The same could be said of PGP when it was first launched.
There was only one version of PGP against multiple PEM
implementations. Phil Z. made clear he didn't give a wetslap about the
patents.And I have been asking ICANN for months how I get a key for my
DNS zones into the system and have never got a reply.
Signing the .com zone is irrelevant until we have a process for
putting the key in. Several people are aware that I am asking this
question and will be speaking on DNSSEC at RSA next week. The fact
that the answer has been invariably 'I will get back to you on that'
and not 'here is the document you need to read' is itself rather
Note however, that I said that DNScurve could win, not that it would.
The IETF response to Phil Z. was to tell him to get lost and not
bother them. As a result PEM did not address the issues that Phil Z.
raised, and Phil went off and wrote his own code. The PEM group could
have taken Phil seriously instead, taken note of the objections and
actually answered them.
As a result we ended up with two systems, neither of which could have
been as good as if the PEM folk had been willing to be more open.
There is another approach to DNSSEC that could get us to market in a
fraction of the time that current systems would, or DNScurve for that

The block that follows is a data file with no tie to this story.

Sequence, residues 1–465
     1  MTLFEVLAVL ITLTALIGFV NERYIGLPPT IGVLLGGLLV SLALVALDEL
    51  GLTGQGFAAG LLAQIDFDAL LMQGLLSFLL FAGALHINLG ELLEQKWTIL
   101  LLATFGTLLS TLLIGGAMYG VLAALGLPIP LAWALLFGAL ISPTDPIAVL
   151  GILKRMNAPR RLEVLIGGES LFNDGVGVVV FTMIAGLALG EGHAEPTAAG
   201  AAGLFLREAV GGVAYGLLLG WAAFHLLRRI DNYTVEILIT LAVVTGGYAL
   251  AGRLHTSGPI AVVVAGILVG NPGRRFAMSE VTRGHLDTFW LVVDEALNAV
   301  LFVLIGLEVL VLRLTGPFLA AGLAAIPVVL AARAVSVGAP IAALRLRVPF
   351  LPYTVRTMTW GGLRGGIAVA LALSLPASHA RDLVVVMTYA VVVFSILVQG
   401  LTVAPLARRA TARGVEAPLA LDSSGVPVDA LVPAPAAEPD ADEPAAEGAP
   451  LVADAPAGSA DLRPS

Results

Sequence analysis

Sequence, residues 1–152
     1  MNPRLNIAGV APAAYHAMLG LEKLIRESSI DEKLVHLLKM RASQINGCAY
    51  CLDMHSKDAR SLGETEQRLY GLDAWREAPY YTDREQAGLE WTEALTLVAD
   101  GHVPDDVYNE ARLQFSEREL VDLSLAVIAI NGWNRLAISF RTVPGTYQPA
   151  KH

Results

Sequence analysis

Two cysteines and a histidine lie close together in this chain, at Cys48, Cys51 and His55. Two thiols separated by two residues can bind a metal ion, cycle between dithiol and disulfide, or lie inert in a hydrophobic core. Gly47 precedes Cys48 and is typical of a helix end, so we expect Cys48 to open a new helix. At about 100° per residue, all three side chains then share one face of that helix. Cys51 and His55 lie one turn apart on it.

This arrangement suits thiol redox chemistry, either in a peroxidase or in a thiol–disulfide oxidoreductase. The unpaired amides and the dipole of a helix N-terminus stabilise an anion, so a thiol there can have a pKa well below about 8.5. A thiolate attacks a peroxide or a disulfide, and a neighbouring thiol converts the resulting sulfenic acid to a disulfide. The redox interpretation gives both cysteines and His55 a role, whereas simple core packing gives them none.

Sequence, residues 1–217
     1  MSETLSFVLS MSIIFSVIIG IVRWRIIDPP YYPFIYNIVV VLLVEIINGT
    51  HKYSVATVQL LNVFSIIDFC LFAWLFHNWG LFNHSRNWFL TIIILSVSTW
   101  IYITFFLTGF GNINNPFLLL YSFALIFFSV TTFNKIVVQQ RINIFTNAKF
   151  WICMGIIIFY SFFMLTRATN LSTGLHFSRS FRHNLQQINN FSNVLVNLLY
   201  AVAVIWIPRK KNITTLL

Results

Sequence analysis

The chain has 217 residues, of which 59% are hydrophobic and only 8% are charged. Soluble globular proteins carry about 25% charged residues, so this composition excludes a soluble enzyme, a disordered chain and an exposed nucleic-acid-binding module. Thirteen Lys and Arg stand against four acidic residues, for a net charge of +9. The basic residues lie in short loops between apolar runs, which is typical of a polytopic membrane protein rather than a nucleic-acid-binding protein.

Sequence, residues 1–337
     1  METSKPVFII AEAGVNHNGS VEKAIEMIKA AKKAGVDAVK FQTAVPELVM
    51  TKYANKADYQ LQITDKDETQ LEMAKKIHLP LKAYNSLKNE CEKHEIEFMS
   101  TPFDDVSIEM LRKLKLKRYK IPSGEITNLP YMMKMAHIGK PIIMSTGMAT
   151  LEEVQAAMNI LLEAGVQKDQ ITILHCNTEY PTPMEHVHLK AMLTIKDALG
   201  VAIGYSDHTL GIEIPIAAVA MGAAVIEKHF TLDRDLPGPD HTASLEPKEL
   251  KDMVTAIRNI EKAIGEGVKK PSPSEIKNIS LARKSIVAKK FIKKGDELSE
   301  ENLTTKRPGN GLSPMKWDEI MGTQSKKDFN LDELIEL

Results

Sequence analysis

Instead of positioning DNSSEC as an alternative to SSL certificates,
co-opt the legacy base and more importantly the legacy infrastructure
of domain validated certificate providers. There is a base of a
million already issued certs out there. DNSSEC is way outside the
comfort zone of most registrars, it is something that the SSL
providers can easily support.
Al that has been written or deployed so far is publication
infrastructure. Nobody can deploy or test standards based validation
infrastructure until the root is signed and a lot more happens
If DNSSEC is successful it will inevitably erode and eventually
eliminate domain validated SSL certs. Which would provide a pretty big
business incentive for the incumbents to oppose. If instead we make a
minor adjustment of approach we could create a very major incentive
for most of the SSL certificate issuers to back DNSSEC.
On Wed, Feb 24, 2010 at 1:04 PM, Tony Finch <dot(_at_)dotat(_dot_)at> wrote:
On Wed, 24 Feb 2010, Phillip Hallam-Baker wrote:
I took a look at DNSCurve. Some points:
* It could certainly win.
It has a LOT of catching up to do. DNScurve has no publicly available
implementations. DNSSEC will be deployed in the most important zones by
the end of this year.
* It considers real world requirements that DNSSEC does not.
DNScurve ignores algorithm agility and patent problems.
f.anthony.n.finch <dot(_at_)dotat(_dot_)at> http://dotat.at/
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